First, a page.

I’m not sure what to say. A lot has happened, though at times it seems I’m in the same place I always was. Currently I am removing myself from an unhealthy relationship that was incredibly hard to let go of.
Have you ever loved someone so much you’d do anything to help them but they refuse to help themselves? What about when they inadvertently stifle/harm you? What did you do?
This unhealthy relationship was fostering an unhealthy relationship with myself. I had to leave. It’s terrifying and I struggle not to beat myself up over my choice.
Still, with time it’s getting easier. I am endeavoring now to live each day as if it is the only one I’ll ever get. No putting things off till tomorrow or the next day, or the next, etc. Now is the time, this is the moment.
I have no idea what life has in store for me. And I certainly don’t know what I should do about anything. But I do know I love telling stories. That’s what I want to do until the day I die.
I used to do this thing where I would write a story based of a visual. It was fun so I’m going to give it a shot here.
I just did a quick search (matter of seconds) using the first words that came to mind. This image immediately caught my eye.
In the summer of 1993 a letter came to Sarah Kane saying her Aunt Violet had passed away and left Sarah her home. Never having had much in the way of family, Sarah felt she was better off without the stress that inevitably came with such relationships. So though her Aunt Violet had invited her to visit many times throughout the years, Sarah had managed to find a way to decline every offer.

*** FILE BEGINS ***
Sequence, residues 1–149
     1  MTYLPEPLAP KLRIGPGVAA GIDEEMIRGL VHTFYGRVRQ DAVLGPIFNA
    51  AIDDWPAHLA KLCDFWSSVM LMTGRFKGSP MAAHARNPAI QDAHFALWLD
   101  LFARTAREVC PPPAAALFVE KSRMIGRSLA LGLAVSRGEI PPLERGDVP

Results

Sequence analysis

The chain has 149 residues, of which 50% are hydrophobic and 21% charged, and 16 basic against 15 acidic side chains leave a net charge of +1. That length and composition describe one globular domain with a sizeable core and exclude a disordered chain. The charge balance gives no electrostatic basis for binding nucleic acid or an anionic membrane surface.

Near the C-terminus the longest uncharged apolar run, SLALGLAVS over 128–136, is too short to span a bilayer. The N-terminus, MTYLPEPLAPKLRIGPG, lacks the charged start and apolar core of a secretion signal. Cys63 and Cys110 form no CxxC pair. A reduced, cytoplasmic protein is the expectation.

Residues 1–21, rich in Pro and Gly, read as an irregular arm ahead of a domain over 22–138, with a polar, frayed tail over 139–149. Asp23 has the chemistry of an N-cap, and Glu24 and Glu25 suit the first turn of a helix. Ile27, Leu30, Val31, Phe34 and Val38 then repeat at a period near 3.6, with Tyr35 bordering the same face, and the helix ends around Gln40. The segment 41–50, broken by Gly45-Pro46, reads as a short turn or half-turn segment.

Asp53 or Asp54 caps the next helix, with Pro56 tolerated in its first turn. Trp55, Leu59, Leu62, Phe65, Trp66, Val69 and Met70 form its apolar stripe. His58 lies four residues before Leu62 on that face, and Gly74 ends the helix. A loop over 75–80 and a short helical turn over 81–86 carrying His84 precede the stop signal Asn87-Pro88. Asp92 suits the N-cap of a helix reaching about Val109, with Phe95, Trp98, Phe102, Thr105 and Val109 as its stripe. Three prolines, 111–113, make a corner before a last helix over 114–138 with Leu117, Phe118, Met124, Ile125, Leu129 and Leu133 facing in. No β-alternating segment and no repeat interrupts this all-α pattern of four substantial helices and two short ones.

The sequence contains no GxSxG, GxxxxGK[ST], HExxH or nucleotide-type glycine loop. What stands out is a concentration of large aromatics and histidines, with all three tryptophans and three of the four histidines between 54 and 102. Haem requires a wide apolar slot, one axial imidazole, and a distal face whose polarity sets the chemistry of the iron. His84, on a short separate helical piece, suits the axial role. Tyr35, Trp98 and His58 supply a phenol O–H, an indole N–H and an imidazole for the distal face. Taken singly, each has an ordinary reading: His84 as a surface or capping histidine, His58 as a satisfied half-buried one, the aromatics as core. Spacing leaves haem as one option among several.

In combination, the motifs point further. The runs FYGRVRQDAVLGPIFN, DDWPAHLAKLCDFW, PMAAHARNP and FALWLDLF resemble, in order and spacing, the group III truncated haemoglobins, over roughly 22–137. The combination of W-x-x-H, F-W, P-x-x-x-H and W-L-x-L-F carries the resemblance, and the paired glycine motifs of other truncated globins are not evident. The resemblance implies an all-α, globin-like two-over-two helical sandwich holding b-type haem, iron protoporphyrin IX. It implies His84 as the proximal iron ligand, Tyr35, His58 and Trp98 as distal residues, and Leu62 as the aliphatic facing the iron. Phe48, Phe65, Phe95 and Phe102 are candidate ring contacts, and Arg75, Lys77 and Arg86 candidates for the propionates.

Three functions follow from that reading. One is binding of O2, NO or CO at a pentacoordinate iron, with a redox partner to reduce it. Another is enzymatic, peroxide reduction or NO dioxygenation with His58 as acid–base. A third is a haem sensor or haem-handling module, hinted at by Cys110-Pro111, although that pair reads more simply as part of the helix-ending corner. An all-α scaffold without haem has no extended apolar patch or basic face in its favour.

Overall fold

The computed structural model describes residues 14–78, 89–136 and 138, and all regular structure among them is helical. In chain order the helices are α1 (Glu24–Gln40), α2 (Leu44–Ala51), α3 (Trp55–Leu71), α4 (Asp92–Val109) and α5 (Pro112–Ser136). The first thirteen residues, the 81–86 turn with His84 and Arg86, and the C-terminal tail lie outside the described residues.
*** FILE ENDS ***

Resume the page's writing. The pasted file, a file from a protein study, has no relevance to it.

As Sarah opens the box of letters from her aunt, observing the handwriting becoming increasingly sloppy through the years, she sees a countdown to an end destined for us all. She wonders, will someone remember me when I’m gone?
Driven by guilt Sarah quickly plans her first visit to the home she should have visited so many times before. Doubt slithers into her mind as she wonders ‘What’s the point? It’s far too late to make amends isn’t it?’ Her eyes slide to the box of letters, faithfully written with failing limbs. Closing her eyes and gathering strength she says “No, it isn’t.”
Sarah packs her bags, books her trip and heads one down to a place that is the very image of wilderness. Arriving at a sagging shack, her guilt grows more intense. How did her aunt survive in this mess?
She’s almost too afraid to step inside, then reminds herself that this is where her poor aunt lived her life. She should be at least brave enough spend the night.
To Be Continued…